The transient responses of force, moment, and pressure coefficients are shown in Fig. 5 for a gust with a maximum cross-wind angle of \(\beta _{w} \approx 11^\circ\). The depicted time series are phase-averaged over ten identical experiments. The gust begins at \(t^* = t \text {u}_\infty / L \approx 0\) with an increase in normalized total pressure fluctuation \(p'_t/\overline{p}_t\). Here, the total pressure measured by the five-hole probe is decomposed by \(p_t(t) = \overline{p}_t + p^{\prime }_t(t)\) into a steady mean component \(\overline{p}_t\) and an unsteady component \(p^{\prime }_t(t)\). The cross-wind angle starts to increase at \(t^* \approx 3\), approximately when the total pressure reaches its maximum. The response of the drag coefficient is characterized by a significant delay with respect to cross-wind angle. Furthermore, its transient evolution correlates very well with the base pressure coefficient, indicating that the increase in drag is mostly caused by a modification of the wake during the gust. By contrast, the cross-wind gust response of side-force and yaw-moment coefficients is much faster. Their increase is mostly caused by pressure changes at the front of the bluff body’s sides that are immediately affected by the cross-wind angle \(\beta _{w}\), see \(c_{p_{11}}\) and \(c_{p_{17}}\). In comparison, the response of the pressure readings \(c_{p_4}\) and \(c_{p_{24}}\) at the rear sides is much smaller and occurs delayed by approximately 1 convective time unit. This causes a small delay in the build-up of the side-force coefficient during the gust and an overshoot of the yaw-moment coefficient with respect to the cross-wind angle.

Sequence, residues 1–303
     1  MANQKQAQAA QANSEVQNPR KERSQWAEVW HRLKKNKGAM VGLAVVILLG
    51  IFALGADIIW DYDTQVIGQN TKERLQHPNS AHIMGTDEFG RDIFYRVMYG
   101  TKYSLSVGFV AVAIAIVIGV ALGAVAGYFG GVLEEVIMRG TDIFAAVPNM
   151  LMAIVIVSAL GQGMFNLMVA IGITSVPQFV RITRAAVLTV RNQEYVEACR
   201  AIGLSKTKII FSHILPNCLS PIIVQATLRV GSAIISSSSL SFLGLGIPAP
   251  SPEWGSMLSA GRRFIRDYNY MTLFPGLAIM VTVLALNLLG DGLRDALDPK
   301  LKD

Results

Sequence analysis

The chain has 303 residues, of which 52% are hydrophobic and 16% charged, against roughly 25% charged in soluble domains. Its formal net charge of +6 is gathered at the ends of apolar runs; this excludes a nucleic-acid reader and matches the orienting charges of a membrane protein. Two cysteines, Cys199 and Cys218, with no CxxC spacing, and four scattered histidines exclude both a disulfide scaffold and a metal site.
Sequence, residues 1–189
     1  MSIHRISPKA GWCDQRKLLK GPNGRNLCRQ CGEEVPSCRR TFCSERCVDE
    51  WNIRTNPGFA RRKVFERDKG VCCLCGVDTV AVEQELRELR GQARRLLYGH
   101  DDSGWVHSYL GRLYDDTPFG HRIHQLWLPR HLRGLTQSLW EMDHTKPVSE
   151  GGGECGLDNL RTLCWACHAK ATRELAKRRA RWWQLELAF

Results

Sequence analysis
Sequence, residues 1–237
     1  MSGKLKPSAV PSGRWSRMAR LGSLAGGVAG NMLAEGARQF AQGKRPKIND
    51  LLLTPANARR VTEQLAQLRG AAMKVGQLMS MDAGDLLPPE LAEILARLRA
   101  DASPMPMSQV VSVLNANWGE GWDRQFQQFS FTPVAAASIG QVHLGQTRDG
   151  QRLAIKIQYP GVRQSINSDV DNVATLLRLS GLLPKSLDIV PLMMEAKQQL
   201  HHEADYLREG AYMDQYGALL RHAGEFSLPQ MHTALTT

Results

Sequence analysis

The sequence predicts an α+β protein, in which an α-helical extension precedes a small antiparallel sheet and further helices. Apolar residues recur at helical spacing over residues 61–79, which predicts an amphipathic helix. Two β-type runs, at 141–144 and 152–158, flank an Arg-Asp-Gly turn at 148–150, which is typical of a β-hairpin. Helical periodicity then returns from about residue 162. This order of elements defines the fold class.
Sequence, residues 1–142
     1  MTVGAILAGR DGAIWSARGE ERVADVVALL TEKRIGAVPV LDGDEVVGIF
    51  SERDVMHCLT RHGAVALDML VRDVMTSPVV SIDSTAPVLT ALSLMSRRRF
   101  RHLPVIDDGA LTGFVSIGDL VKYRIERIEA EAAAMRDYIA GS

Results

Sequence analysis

In an application to a real vehicle, the force and moment coefficients would not be available as measurement variables. However, the flow characteristics indicate that the main effects can be estimated from surface-pressure measurements. To this end, surrogate variables \(\hat{c}_{D}\), \(\hat{c}_{S}\), and \(\hat{c}_{N}\) are calculated from a weighted sum of the pressure coefficients \(c_{p,b}\), \(c_{p_4}\), \(c_{p_{11}}\), \(c_{p_{17}}\), and \(c_{p_{24}}\), located on the bluff body’s base and sides, respectively. Their weighting parameters were determined by linear regression from a series of steady-state measurements for several Reynolds numbers, cross-wind angles, and actuation amplitudes (Pfeiffer 2016). As can be seen from Fig. 5, the surrogate variables (plotted in red) match the transient evolution of the force and moment coefficients (plotted in blue) very well. They are thus well suited as measurement variables for the closed-loop controller.